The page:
Karan Johar’s ‘Rocky aur Rani kii Prem Kahani’ unravels modern life in an old-school society

4 mins read

What happens when an unstoppable force meets an immovable object?  

When I ask this well-known question, I’m referring to neither of the two people mentioned in the title of the film – “Rocky aur Rani kii Prem Kahani.” It has more to do with what the film’s ultimate concept is all about. 

Coming from the director whose works like “K3G” and “My Name is Khan” are widely celebrated all over India, Karan Johar yet again knocks it out of the park with “Rocky aur Rani kii Prem Kahani.” There are elements to always expect from a KJ film, like amazing visuals, breathtaking memorable music, star-studded cameos, and most importantly—family drama. 

The concept looks simple, but the way they let in all the factions one by one is what makes all the difference. No character is the same in this, and that’s the beauty of it. Mastery of execution! It starts with the story of two lovers – Kanwal (Dharmendra) and Jamini (Shabana Azmi) and slowly paves the way for the story of Rocky (Ranveer Singh) and Rani (Alia Bhatt). At first, I thought this story was pretending to be woke to make the main characters look stronger, but then it slowly invited the two major families of our story – the Randhawas and the Chatterjees. Both families are vividly different in their cultures, traditions, and ideologies, which in many ways perfectly shape the characters in the film. 

The Randhawa family is very patriarchal. Although, technically, it’s matriarchal, considering Dhanalakshmi (Jaya Bachchan) is the one puppeteering the entire family. But the culture of patriarchy exists here, and it has an effect on the family as a whole. Except for Kanwal, who’s more like our other family, the Chatterjees. They are lovers of art, poetry, music, and dance, which at first makes us feel as if the two families are polar opposites, but as the film progresses, we realize how broken the systems of both families are and how much the new generation that is on the rise is affected by it. 

I wouldn’t necessarily say anything positive or negative about the patriarchal system other than that it’s an old way of society. The ideologies back then were made into consideration with the way of life of that era. Now, times have changed, and they’re progressing every day rapidly. Everything that was common once is a trigger point now. The world, as it moves so fast, is also fragile right now because the old ways are hurting the change which is why handling it with a bit of love, patience, and an open mind is what is truly needed now.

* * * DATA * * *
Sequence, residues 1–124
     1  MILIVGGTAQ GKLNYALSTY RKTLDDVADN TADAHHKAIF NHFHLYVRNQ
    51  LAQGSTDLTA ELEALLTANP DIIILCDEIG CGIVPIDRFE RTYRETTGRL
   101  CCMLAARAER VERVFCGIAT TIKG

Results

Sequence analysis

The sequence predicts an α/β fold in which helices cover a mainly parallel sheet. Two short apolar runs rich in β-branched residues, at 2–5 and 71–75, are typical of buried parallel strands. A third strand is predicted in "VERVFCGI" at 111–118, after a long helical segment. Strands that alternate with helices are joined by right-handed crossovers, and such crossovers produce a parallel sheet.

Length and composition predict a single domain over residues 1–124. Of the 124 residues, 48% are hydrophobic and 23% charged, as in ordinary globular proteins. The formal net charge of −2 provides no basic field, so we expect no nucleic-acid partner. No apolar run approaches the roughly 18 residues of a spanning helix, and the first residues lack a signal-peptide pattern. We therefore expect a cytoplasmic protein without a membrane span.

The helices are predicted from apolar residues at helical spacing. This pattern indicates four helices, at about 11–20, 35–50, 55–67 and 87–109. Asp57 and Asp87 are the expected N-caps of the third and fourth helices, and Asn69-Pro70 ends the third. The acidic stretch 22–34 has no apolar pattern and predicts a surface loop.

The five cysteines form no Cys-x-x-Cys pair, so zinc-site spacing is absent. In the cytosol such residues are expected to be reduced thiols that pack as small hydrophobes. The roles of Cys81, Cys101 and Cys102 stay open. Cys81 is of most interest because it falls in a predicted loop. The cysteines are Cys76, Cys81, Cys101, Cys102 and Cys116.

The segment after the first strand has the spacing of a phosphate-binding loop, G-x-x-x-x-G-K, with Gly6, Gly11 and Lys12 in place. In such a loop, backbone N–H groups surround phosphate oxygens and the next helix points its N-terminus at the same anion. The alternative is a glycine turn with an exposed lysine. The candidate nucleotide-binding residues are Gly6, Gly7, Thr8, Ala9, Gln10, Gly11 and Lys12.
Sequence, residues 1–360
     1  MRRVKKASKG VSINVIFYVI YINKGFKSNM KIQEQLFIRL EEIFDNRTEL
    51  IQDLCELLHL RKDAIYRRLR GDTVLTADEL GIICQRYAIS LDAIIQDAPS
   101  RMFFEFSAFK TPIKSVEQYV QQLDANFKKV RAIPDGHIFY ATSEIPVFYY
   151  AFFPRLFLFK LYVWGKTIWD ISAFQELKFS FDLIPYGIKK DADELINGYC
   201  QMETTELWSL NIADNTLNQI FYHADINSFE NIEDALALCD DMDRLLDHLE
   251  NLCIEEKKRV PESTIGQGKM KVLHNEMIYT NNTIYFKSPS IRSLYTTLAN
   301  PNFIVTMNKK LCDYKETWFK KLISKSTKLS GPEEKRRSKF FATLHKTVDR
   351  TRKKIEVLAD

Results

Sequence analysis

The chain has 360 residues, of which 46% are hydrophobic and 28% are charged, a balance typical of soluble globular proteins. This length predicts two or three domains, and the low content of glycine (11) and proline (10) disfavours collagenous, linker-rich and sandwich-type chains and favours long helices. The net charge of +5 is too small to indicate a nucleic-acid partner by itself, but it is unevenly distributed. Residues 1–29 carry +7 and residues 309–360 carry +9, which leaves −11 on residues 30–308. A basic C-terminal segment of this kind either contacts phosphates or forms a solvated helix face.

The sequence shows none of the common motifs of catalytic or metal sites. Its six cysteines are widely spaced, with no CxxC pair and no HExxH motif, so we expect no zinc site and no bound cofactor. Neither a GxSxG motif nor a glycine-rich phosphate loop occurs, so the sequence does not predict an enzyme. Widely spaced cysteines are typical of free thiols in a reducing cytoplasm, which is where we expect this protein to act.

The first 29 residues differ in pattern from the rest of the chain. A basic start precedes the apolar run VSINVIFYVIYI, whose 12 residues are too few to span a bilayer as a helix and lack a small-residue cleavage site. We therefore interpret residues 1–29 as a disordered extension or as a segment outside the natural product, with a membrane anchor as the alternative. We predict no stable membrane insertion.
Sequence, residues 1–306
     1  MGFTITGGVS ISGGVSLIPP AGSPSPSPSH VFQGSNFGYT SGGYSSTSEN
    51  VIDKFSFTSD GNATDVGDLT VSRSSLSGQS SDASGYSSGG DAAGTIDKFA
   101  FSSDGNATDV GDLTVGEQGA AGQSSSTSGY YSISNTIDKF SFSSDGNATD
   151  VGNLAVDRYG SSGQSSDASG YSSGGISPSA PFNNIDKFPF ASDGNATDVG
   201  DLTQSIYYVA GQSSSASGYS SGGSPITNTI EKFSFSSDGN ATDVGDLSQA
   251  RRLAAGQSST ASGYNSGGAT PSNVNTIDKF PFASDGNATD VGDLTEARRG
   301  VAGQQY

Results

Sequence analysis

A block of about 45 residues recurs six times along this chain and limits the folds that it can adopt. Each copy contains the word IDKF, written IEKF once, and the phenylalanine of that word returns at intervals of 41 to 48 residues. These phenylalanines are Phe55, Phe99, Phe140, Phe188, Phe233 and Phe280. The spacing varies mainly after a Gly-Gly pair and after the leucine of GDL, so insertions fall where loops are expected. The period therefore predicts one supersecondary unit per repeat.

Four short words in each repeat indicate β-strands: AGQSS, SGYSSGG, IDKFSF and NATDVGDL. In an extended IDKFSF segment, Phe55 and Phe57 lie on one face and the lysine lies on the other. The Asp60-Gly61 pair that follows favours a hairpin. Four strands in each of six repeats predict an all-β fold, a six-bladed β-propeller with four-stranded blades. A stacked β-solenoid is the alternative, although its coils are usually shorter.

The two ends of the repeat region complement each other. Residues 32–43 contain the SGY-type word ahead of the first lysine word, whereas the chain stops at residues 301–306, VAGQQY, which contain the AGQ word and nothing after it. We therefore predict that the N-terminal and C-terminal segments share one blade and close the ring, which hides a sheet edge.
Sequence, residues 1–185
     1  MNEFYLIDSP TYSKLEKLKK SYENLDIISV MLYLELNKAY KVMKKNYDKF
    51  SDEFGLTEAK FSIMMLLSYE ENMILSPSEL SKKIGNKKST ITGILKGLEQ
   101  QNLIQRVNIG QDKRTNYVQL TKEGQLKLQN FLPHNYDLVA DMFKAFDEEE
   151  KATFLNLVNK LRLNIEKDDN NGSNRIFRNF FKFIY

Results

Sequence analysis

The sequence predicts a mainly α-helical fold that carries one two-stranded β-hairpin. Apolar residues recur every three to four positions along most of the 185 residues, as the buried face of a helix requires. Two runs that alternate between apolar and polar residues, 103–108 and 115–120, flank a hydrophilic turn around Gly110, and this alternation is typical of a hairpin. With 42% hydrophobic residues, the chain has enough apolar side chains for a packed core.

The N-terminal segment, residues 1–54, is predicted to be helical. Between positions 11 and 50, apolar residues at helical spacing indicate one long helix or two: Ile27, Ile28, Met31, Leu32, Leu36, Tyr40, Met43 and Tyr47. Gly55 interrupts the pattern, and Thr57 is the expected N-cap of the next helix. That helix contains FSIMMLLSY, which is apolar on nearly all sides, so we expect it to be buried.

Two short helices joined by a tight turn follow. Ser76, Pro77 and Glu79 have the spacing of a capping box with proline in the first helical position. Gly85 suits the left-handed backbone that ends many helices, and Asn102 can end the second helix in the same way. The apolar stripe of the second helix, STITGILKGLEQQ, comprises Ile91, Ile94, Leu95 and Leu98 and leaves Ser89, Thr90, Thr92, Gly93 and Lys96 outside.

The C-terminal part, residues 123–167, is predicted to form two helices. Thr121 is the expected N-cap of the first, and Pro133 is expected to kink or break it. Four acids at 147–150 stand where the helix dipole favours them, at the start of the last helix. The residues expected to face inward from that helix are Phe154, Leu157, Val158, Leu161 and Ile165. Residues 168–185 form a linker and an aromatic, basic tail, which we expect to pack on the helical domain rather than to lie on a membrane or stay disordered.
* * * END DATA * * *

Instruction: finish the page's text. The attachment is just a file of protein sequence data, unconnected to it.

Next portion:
So, in a way, the old ways that aren’t progressive are like an immovable object, and the rapidly changing modern times are like an unstoppable force. They can be very destructive when they collide, and that is really where the film shines. Each and every character portrays an element of society, either progressively independent or progressively broken or orthodox or maybe… just caught in between. 

Kshitee Jog as Punam Randhawa, Rocky’s mother, and Anjali Anand as Gayatri “Golu” Randhawa, Rocky’s sister, portray the victims of a patriarchal system as they find themselves constantly compromising their desires because of what the household patriarchal order dictates them to do. Punam wants to sing, and Gayatri wants to pursue a career, but one is stuck being a housewife because singing is considered an act of low-class people, and the other never has a say in anything, and she has to accept what is being thrown at her. The idea of bottling up is constantly present in the film, and it breaks as it should.